WTF?  This person was concerned that I might read something into her child’s behavior, that I might think her four-year-old was gay because he likes to play with pink and purple ducks in the pool.  I was flabbergasted that she felt the need to say anything, but of course I reassured her that I hadn’t read anything into his behavior and that, in my class, everyone gets to choose the toy they want.  She walked away happy, and I stood there stunned because the idea that someone would expect a preschooler to adhere to gender stereotypes, and then comment on them, is baffling to me.  It’s falderal – it makes NO SENSE to me.

It’s easy enough to be myself, to be open and honest, when I’m in situations where it makes things better.  In the case of the swimming lessons above, it was an easy thing to reassure the mother than I wasn’t thinking anything about her son based on his choice of duck, and go on when life…but when it is my own behavior that is causing bafflement, it gets trickier.  When I see that I am brushing up against societal norms and cultural mores, when I see I am making others uncomfortable, I end up torn in two directions.  On the one hand, I want to rail and shout and explain that I am a decent person despite their bafflement, and that it is our differences that make humans so interesting, and that everything I do is consensual and it doesn’t affect them anyway!  On the other hand, well, I have to live in society and things work better if I am not marked for ostracism.  So, almost inevitably, I end up pulling back and behaving in ways that are way outside my own norms to please others…and it fucking sucks not to be myself.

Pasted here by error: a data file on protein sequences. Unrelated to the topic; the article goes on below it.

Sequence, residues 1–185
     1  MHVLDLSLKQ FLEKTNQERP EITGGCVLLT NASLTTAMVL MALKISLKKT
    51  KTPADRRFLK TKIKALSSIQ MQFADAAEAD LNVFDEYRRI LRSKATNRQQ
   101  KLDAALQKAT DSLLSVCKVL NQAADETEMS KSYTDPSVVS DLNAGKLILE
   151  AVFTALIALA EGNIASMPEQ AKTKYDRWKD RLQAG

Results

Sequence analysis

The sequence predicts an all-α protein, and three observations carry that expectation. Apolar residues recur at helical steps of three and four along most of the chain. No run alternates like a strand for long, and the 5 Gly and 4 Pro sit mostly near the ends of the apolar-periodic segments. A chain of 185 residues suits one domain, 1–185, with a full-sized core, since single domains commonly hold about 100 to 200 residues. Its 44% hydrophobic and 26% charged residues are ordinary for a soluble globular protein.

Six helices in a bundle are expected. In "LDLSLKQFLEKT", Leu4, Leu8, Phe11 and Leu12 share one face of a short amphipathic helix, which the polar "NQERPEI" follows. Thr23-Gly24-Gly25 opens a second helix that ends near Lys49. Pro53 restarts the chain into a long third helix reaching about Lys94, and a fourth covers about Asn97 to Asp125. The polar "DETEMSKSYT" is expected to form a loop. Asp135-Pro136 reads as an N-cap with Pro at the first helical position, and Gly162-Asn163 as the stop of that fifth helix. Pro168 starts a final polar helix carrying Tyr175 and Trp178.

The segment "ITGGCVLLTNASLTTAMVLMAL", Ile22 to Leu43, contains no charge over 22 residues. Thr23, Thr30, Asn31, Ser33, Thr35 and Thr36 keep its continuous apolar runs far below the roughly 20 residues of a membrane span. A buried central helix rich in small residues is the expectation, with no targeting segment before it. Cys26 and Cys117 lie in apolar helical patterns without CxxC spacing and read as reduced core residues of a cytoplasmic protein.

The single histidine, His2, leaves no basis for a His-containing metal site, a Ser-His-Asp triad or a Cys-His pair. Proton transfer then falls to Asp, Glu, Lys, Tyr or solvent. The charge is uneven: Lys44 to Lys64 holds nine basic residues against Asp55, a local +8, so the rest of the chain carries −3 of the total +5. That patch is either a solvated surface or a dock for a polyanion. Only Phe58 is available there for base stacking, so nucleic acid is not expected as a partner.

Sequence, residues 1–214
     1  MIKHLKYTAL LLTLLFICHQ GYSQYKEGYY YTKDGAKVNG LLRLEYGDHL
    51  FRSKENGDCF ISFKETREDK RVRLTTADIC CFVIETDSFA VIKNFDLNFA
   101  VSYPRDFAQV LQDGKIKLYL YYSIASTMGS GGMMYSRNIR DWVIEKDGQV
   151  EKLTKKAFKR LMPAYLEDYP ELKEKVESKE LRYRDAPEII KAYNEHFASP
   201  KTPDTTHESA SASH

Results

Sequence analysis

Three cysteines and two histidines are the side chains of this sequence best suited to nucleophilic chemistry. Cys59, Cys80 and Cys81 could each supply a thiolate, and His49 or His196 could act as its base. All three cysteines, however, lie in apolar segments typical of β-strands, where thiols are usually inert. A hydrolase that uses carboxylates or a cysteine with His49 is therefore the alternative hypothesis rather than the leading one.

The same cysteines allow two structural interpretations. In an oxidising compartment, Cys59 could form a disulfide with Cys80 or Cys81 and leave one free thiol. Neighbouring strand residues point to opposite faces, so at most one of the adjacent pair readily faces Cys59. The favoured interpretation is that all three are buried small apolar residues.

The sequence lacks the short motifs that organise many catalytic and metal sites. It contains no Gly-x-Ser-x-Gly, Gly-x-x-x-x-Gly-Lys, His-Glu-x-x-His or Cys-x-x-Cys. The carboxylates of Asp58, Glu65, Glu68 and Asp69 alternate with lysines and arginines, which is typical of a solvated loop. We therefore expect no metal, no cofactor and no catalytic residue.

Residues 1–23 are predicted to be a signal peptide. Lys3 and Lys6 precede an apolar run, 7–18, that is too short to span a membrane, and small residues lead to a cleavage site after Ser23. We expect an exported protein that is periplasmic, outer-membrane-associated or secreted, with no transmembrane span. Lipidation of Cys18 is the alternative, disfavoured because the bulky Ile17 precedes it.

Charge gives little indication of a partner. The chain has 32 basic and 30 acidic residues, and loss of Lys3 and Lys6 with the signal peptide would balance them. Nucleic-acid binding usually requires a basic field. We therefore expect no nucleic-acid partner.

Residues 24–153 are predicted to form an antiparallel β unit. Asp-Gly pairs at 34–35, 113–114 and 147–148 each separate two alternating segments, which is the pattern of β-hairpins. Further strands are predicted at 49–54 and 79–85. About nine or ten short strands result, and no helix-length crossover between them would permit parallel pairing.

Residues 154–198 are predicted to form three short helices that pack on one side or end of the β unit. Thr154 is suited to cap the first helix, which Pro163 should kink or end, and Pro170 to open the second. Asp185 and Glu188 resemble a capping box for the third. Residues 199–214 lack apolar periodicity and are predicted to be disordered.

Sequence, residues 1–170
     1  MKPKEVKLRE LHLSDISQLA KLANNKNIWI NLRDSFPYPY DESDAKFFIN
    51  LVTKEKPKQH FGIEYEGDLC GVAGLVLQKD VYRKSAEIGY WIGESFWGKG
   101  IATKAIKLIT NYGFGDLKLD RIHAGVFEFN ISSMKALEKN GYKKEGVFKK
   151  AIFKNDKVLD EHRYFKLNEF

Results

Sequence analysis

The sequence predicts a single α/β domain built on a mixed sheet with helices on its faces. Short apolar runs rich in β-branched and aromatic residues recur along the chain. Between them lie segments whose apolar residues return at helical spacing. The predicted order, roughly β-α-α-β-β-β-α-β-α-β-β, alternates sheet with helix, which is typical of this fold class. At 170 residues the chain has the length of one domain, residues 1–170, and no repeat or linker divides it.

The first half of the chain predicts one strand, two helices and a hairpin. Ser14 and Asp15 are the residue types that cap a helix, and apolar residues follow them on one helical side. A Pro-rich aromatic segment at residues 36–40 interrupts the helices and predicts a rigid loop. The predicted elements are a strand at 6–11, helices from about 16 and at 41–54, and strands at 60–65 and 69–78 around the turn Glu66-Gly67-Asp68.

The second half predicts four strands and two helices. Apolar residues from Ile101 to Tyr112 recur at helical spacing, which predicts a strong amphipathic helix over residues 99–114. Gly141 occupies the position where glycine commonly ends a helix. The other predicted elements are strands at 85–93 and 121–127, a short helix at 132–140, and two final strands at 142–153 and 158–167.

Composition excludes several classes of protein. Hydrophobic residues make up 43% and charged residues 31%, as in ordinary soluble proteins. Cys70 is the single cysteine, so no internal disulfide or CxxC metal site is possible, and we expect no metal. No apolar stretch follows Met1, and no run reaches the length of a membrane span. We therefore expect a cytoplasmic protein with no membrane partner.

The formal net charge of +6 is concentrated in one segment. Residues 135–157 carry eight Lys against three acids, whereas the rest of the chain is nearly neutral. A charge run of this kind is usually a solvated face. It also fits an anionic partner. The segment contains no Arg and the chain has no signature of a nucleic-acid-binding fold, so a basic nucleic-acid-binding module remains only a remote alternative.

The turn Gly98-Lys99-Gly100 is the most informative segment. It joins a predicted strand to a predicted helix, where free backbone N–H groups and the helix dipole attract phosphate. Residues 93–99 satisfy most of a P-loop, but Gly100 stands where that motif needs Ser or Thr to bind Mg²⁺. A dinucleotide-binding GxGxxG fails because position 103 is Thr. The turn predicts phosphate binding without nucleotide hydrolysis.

So, why am I writing about this, especially over here on a religious blog?  Well, I’m a FlameKeeper, and as a FlameKeeper I am always looking for connections, for the things that tie us to other pieces of the Divine and to the Universe.  And, behavior is a pretty big connection between people; we’re joined by our behavior preferences, by things we do and do not do, by what we think is appropriate and what we think is inappropriate.  The trouble is, we’re also connected to the people who do not behave like us, and those people are not going away despite our wishes to the contrary.  There will always be someone on the other side of the debate: for every person who identifies as pro-choice, there is a person who identifies as pro-life.  For every liberal, there is a conservative.  For every theist, there’s an atheist.  For every gamer, there’s someone who thinks video games are a waste of time.  But, we’re connected to those people, the ones who disagree with us on a fundamental level, the ones who behave totally unlike us.

We are all Divine – you, me, the tree, the rock, and my left shoe (especially my LEFT SHOE).  The connections between us are there, even when we pretend they aren’t, even when we let the falderal get in the way of recognizing them.  The trick is to see past the nonsense to the essential, to see the spark and what radiates from it, and then nourish those connections.  Through this, we improve ourselves, and thus the Universe.

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3 responses to “Falderal

  1. I’d say the line is crossed when your actions start to negatively impact the lives of others, not make them uncomfortable (since discomfort is subjective) but actually negatively impacts them. Having an open relationship makes some people uncomfortable. So *&^%ing what? Stealing someone’s car actually negatively impacts their lives, and is therefore unacceptable in a civilized society.

  2. It always makes me rage a little inside when very close minded people get on their soapbox and start trying to change other people because we don’t live in ways they approve of….and when you peek behind the curtain of their own life, they don’t even practice what they claim to preach.

    I very much agree, that the more we can look beyond superficial things and see the heart in other people, the more we will be able to live in harmony and support each other instead of trying to change others.